Another 355,000 patients were enrolled in a noncapitated HMO. HMOs are typically more restrictive than PPOs. The patient’s cost to join is less, but patients usually see specialists only when they have received a referral from their primary care physician, and they go only to doctors and hospitals in the HMO network. The financial penalty for going outside the network is more severe. And while providers are often still paid for each service they provide, more substantial incentives are available for those who deliver cost-effective quality care. In addition, providers’ comparative performance is tracked.
Finally, some 290,000 patients were enrolled in an HMO plan that also included global capitation. In other words, participating primary-care physicians were paid a contracted rate (adjusted for age, gender, illness, and regional differences) for each member regardless of the number or nature of services provided. In the capitated model, it is the provider, not the payer, who takes on the risk of the cost of care. Should that cost exceed the contracted rate, the provider could actually lose money on a given patient. By the same token, to the degree that providers can successfully manage that risk and achieve their quality targets at less cost, they also benefit from what can be a substantial financial upside. This provides a strong incentive to invest in active disease management and to work closely with patients to help them navigate the health care system. Indeed, detailed financial models suggest that primary care providers who know how to manage global capitation have the potential to earn more income than their fee-for-service counterparts for the equivalent population of patients—a phenomenon that we have witnessed in our client work.6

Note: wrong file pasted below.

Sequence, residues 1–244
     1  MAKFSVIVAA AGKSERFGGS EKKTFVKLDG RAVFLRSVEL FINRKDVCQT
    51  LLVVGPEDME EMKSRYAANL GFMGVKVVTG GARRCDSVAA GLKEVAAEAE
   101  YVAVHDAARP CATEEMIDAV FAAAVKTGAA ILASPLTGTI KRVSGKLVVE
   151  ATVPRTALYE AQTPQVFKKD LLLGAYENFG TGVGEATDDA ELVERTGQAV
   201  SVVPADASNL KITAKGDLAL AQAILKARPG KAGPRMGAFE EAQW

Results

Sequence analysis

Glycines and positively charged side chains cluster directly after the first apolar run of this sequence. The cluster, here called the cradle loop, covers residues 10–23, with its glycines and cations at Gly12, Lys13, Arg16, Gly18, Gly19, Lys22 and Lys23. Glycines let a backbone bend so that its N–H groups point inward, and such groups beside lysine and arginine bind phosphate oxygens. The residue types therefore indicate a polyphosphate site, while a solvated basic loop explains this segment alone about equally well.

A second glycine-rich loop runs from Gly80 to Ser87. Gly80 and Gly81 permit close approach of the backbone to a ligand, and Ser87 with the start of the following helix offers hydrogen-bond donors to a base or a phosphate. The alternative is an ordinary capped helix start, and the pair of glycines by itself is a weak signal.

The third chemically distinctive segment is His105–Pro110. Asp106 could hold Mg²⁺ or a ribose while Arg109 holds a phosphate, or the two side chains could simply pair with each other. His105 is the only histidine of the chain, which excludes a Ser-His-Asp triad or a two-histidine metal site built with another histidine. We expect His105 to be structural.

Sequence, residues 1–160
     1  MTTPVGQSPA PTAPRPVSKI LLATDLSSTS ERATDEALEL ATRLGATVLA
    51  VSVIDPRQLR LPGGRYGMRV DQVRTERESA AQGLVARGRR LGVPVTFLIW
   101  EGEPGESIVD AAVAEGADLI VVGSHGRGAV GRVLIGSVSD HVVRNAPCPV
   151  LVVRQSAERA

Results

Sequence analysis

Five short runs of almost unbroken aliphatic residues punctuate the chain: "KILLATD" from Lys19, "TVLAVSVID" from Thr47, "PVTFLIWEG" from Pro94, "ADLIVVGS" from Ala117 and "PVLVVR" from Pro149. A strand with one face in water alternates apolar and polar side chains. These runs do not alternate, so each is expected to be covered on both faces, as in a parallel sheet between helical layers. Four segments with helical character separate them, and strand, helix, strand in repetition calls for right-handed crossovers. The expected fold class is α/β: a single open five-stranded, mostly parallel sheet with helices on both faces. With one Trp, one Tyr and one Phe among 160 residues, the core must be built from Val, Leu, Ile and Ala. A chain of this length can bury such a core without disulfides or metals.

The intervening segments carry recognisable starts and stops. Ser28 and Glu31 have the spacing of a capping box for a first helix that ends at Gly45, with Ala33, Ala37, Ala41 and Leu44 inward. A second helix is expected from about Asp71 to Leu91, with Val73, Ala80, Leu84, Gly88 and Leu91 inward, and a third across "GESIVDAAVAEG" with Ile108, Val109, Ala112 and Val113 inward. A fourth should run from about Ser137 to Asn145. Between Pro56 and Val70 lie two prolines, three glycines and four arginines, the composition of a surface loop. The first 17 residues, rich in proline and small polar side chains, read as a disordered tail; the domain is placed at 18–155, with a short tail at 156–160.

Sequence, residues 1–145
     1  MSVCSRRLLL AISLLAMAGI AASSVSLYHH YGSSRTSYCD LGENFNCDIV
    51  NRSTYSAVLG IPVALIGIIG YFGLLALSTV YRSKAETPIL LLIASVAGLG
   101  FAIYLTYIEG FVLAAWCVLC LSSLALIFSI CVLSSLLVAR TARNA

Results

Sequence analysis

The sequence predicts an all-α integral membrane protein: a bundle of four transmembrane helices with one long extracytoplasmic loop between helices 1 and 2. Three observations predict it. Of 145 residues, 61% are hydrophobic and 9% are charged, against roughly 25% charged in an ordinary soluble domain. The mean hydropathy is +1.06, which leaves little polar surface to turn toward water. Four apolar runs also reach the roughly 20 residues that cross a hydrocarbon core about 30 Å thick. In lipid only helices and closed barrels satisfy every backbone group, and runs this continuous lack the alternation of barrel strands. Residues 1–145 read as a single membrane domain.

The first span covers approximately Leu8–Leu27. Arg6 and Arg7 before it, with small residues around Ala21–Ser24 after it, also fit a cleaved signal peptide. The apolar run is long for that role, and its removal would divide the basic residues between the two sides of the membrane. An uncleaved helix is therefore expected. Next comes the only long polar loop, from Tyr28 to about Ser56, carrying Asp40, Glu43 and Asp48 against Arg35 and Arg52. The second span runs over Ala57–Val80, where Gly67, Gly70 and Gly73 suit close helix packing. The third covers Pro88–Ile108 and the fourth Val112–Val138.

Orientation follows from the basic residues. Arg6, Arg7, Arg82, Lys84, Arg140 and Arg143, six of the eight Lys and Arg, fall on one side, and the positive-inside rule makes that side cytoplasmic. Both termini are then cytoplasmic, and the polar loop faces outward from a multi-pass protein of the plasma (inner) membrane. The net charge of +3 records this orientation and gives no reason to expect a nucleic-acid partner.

Because the demographic composition of our four samples was not identical, we used regressions to risk-adjust our data for two key factors that shape an individual’s health status: age and the number of comorbidities. In other words, we compared the age composition and presence of comorbidities in each sample with the total sample average, and then adjusted each sample’s mortality and other results accordingly.
To further check the validity of our findings, we took another step. We created a sample of approximately 170,000 patients in each of the four health-care plans who matched one another in terms of age, gender, minority status, number of comorbidities, and disease type. This matching exercise confirmed the findings of our larger sample with minimal variations. In addition to presenting the findings from our full sample, we report on some of the findings from this matched sample in our discussion below.